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Choosing Scene Modes with a Nikon D5100

Scene modes on a Nikon D5100 are designed to capture specific scenes in ways that are traditionally considered best from a creative standpoint. For example, most people prefer portraits that have softly focused backgrounds. So in Portrait mode, the camera selects settings that can produce that type of background.

Scene modes are presented in two ways:

  • Primary Scene modes: Five modes are deemed popular enough to have their own address on the Mode dial: Portrait, Landscape, Child, Sports, and Close Up. Just rotate the Mode dial to the icon representing the scene you want to shoot, and you're good to go.

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  • Secondary Scene modes: For the remaining modes, set the Mode dial to Scene. The Shooting Information display then shows an icon telling you which of the secondary Scene modes is active. Keep rotating the dial until the mode you want to use is selected.

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For all Scene modes, you have access to the basic setup options. The picture-taking process is the same as for shooting in Auto mode, with two exceptions. First, to use flash in the Food mode, you must press the Flash button on the side of the camera to raise the built-in flash. Second, the default AF-Area mode, which determines which focus point the camera uses to establish focus, varies depending on your Scene mode, as follows:

  • Close Up, Candlelight, and Food: In these modes, the default setting is Single Point AF-Area mode, which bases focus on a single point instead of all 11. Initially, the center focus point is selected as the target, but you can use the Multi Selector to move the point to a different position if necessary. (Sometimes you need to give the shutter button a quick half-press and release it before you can select a new focus point.) Remember to frame the picture with the selected point over your subject before you press the shutter button halfway when autofocusing.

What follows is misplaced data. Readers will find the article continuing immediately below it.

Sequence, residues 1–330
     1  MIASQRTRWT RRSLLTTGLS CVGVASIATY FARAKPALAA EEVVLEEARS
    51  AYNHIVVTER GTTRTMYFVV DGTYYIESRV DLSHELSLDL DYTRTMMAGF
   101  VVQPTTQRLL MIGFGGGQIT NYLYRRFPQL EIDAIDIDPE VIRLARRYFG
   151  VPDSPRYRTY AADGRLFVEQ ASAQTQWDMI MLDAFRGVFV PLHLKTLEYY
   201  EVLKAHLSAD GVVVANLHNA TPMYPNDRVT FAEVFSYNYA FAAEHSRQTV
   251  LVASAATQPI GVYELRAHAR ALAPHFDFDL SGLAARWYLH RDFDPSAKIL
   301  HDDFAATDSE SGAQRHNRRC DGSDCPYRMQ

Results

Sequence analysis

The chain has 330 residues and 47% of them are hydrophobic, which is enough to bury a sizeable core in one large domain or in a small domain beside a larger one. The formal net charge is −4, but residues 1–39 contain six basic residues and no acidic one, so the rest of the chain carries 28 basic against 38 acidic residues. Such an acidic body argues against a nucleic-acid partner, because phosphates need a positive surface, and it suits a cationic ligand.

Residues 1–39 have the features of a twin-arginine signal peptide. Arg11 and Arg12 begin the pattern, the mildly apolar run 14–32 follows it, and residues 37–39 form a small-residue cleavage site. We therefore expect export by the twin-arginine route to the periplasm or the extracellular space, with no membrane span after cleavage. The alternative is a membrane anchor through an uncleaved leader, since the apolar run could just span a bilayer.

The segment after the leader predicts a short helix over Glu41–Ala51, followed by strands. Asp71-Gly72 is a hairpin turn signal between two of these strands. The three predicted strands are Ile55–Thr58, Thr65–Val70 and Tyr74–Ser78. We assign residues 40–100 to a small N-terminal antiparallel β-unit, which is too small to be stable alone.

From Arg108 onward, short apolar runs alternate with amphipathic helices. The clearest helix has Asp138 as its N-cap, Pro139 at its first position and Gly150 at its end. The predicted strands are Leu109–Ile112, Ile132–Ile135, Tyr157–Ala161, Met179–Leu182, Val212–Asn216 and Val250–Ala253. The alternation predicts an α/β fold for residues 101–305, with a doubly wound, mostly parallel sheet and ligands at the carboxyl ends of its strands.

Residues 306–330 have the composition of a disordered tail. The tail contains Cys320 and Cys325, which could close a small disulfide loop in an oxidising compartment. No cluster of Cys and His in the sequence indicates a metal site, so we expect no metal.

• Sports and Pet Portrait: These two modes set the AF-Area mode to Dynamic Area. You start by selecting a single focus point, as with Single Point mode, but if the subject leaves that point, the camera looks to other points for focusing information; it's ideal for focusing on moving subjects. Just make sure to adjust framing as needed to keep your subject within the area covered by the 11 autofocus points.

  • All others: The rest of the Scene modes use the Auto AF-Area mode, which means that the camera considers all 11 focus points and typically focuses on the closest object.

You can use the Quick Settings screen to change the AF-Area mode setting if you want.

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